Diagnosis of platelet disorders in thrombocytopenic patients
Spontaneous bleeding, or excessive bleeding during or after an injury, is suggestive of an underlying hemostatic disorder. Thus, bleeding is a frequently occurring complication and may be the cause of death in thrombocytopenic patients, but not all patients with thrombocytopenia experience bleeding. Indeed, low platelet count does not always correlate with bleeding manifestations and other factors are thus likely to contribute to this risk, especially platelet function which is important to monitor.
Among the many causes of thrombocytopenia, we can distinguish between thrombocytopenia of inherited origin and thrombocytopenia of acquired origin. Inherited thrombocytopenias are classified depending the mean platelet volume (small, normal or large). Acquired thrombocytopenias are classified according to the mechanism of platelet destruction of which the most described are : Immune Thrombocytopenia (ITP), Drug-Induced Thrombocytopenia (DITP) including Heparin-Induced Thrombocytopenia (HIT), Thrombotic Thrombocytopenic Purpura (TTP), Neonatal AlloImmune Thrombocytopenia (NAIT) and Fetal and Neonatal AlloImmune Thrombocytopenia (FNAIT).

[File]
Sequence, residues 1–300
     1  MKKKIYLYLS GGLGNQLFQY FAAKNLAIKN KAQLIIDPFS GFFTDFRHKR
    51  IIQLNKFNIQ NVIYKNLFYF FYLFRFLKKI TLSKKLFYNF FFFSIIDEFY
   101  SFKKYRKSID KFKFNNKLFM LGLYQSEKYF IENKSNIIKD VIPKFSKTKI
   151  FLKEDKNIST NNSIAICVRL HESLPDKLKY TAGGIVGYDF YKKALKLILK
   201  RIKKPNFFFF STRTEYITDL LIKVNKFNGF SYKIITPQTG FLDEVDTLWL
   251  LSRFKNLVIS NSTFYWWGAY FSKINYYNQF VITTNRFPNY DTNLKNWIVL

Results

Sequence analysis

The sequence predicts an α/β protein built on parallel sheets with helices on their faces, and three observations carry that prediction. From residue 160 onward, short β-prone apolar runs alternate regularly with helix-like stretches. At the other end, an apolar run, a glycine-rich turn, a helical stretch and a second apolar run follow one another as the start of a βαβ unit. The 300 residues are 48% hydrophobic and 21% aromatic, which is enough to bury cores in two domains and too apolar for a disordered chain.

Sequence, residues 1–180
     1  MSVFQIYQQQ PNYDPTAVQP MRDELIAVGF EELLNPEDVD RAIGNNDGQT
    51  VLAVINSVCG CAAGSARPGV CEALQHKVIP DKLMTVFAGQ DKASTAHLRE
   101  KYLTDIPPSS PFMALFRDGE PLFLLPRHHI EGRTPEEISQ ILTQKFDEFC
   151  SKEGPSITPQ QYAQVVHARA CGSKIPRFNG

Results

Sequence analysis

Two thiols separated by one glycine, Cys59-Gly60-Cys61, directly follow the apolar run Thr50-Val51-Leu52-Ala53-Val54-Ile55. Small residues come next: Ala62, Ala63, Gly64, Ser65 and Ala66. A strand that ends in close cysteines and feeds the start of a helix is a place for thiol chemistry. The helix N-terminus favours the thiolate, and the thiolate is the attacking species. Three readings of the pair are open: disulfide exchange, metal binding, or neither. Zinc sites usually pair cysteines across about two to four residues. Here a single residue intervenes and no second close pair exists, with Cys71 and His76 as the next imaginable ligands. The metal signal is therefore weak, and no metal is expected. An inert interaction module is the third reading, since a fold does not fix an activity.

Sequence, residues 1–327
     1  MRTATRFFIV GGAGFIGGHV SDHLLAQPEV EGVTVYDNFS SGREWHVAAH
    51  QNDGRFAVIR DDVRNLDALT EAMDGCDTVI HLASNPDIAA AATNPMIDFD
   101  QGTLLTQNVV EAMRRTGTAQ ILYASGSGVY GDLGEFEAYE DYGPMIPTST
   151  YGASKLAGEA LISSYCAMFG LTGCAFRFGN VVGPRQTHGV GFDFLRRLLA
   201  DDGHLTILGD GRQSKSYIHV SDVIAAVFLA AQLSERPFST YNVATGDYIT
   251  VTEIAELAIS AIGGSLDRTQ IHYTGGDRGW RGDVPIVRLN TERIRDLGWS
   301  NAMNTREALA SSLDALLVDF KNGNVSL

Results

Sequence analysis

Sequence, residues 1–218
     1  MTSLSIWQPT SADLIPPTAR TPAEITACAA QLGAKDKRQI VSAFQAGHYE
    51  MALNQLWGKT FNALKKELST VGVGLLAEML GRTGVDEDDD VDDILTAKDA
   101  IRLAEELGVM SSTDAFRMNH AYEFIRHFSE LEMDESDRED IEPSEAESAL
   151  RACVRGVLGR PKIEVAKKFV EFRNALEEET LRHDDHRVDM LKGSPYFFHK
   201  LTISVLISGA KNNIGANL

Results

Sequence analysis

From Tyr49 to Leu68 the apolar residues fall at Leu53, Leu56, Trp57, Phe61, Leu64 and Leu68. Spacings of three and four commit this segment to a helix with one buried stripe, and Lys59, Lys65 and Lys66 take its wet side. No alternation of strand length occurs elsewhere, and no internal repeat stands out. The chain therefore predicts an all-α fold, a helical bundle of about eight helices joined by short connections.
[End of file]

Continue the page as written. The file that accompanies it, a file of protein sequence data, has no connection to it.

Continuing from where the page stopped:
There is still a need for improved platelet function diagnostics for thrombocytopenic samples observed in many clinical situations, in which platelet count is low (<100 G/L) or very low (<5 to 10 G/L). Beside platelet count and blood smear, choosing the most appropriate methodology for the diagnosis of platelet dysfunctions may be difficult.
The aim of this webinar is to review clinical laboratory tests available for diagnosis of platelet disorders and compatible with low platelet count.